Problems Found in 1st Year of Level 4 Self-Driving Service in Japan

Yomiuri Shimbun file photo
A self-driving electric cart in the town of Eiheiji, Fukui Prefecture

EIHEIJI, Fukui (Jiji Press) — Technical and financial problems have been identified in the year since Japan’s first transportation service using so-called Level 4 autonomous driving began in the town of Eiheiji, Fukui Prefecture.

Amid the country’s declining population, Level 4 autonomous driving, or fully automated driving under certain conditions, is viewed as a promising means of transport. The service in the central Japan town, however, has shown hurdles that must be cleared.

On May 28, 2023, the service was launched on a 2-kilometer section of a walkway in Eiheiji. It is available only on Saturdays, Sundays and national holidays.

A one-way trip on a seven-seat vehicle, with a top speed of 12 kilometers per hour, takes around 10 minutes.

Level 4 operations became possible on public roads and ways when the revised road traffic law went into effect in April last year. A public-private entity in Eiheiji became the first in Japan to obtain permission for such operations, in order to run the autonomous service in the town.

According to the town and others, 1,348 people, mainly tourists, had used the service as of April this year. Many company and local government officials have visited the town to inspect the service.

In October last year, an accident occurred in which a Level 4 vehicle hit a pedal of a parked bicycle. While none of the passengers were hurt, the service was suspended.

The incident happened because the vehicle’s camera failed to recognize the bicycle.

The service resumed in March this year after measures were taken to improve the visual recognition performance of the vehicles.

“It would be good if (the Level 4 service route) reaches supermarkets and hospitals in the future, but (the self-driving vehicles) are different from cars and buses in that they are slow,” said Ryuji Inoue, 61, a restaurant industry worker in the town who has used the service.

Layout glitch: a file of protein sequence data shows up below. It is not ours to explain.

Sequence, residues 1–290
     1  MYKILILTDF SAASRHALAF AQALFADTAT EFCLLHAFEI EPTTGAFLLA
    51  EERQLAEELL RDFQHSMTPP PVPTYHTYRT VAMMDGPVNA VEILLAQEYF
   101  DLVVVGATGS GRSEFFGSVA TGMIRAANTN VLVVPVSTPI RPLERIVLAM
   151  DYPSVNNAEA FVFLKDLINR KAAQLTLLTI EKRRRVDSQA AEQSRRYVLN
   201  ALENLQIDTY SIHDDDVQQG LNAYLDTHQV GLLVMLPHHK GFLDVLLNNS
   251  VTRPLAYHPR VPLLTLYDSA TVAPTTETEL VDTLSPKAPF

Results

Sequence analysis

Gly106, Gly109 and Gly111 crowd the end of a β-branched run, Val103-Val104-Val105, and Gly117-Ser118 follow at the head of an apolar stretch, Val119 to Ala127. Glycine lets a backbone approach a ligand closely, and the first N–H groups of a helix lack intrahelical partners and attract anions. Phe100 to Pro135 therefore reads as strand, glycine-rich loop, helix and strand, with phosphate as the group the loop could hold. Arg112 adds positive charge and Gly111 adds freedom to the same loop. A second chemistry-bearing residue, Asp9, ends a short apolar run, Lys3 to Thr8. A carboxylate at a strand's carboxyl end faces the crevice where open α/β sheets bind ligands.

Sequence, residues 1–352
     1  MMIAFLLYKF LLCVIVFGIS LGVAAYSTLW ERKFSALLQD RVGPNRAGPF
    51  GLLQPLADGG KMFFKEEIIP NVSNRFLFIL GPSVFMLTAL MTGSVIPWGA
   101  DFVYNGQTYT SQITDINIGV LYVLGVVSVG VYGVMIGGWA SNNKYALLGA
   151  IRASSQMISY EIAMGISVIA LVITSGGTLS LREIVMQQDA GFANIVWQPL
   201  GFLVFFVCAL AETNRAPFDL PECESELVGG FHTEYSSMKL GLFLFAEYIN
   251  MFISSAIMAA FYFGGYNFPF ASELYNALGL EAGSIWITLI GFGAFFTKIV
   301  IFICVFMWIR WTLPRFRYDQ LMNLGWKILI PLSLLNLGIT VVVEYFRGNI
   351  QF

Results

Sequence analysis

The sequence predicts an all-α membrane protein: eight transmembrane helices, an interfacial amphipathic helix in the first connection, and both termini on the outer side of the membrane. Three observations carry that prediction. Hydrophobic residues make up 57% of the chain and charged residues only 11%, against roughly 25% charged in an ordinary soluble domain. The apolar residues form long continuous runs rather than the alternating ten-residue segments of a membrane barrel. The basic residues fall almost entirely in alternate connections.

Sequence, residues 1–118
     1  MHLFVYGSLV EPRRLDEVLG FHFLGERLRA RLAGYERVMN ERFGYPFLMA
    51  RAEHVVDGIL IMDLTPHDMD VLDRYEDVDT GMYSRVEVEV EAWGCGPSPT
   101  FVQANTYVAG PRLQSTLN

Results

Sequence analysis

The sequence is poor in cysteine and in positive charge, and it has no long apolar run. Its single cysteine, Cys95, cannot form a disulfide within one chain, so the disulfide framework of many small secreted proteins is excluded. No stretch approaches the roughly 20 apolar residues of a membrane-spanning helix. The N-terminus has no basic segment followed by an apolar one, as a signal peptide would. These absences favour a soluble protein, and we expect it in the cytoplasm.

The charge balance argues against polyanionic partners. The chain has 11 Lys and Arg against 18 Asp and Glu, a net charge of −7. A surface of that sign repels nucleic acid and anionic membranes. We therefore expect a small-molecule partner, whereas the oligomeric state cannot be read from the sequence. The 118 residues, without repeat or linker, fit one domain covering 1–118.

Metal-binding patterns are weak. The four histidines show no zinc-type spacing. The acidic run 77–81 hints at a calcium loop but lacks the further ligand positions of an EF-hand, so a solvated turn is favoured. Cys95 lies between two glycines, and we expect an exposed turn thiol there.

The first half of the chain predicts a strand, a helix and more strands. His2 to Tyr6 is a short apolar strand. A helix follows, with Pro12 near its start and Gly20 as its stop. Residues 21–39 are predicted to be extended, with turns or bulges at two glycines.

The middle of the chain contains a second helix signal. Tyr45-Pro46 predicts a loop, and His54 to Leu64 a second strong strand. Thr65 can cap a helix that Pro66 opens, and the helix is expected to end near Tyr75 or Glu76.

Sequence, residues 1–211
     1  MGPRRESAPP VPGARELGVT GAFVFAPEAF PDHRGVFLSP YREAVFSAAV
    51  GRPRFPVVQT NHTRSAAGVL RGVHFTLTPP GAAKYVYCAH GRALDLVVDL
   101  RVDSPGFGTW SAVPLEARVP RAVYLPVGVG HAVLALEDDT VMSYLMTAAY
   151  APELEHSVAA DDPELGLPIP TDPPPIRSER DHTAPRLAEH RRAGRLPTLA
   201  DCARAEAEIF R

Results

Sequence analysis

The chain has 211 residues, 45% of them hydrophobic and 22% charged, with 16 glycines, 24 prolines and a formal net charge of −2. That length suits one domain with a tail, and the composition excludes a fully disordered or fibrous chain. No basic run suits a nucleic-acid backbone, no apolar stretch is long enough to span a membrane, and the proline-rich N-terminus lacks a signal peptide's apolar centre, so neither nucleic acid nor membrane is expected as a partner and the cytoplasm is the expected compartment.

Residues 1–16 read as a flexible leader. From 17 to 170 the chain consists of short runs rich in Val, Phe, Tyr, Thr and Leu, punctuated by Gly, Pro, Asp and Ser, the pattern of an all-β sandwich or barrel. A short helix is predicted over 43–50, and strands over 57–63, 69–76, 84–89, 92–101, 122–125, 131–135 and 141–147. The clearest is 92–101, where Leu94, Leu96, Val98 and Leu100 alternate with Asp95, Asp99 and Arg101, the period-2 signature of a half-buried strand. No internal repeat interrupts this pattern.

The central government hopes to make transportation services using autonomous vehicles available at 50 locations across the country by fiscal 2025, viewing such services as essential to maintaining regional public transportation networks and tackling driver shortages.

At present, Level 4 vehicles cannot cross intersections due to technical and legal problems.

“It’s necessary to introduce some flexibility” in the permit system for Level 4 services, including by allowing the person managing operations to decide whether to allow autonomous vehicles to cross intersections, an Eiheiji town official said.

Another headache for the Eiheiji service is how to secure profitability. In line with the costs of public transportation services in the area, the fare for the Level 4 service is set at ¥100 per adult.

The fare is “not nearly enough to cover our operating costs,” an official of the service’s operator said. The operator is considering offering an image-viewing service to passengers and charging a fee on top of the fare.

Kanazawa University associate professor Kensaku Tanaka, an expert on transportation geography, said that autonomous driving “may contribute to reducing the labor needed to operate transportation services and streamlining transportation systems.”

“The central government, local governments and service operators need to hold discussions with local residents and present their visions on what kind of community they aim to build in order to realize use that suits local needs,” Tanaka added.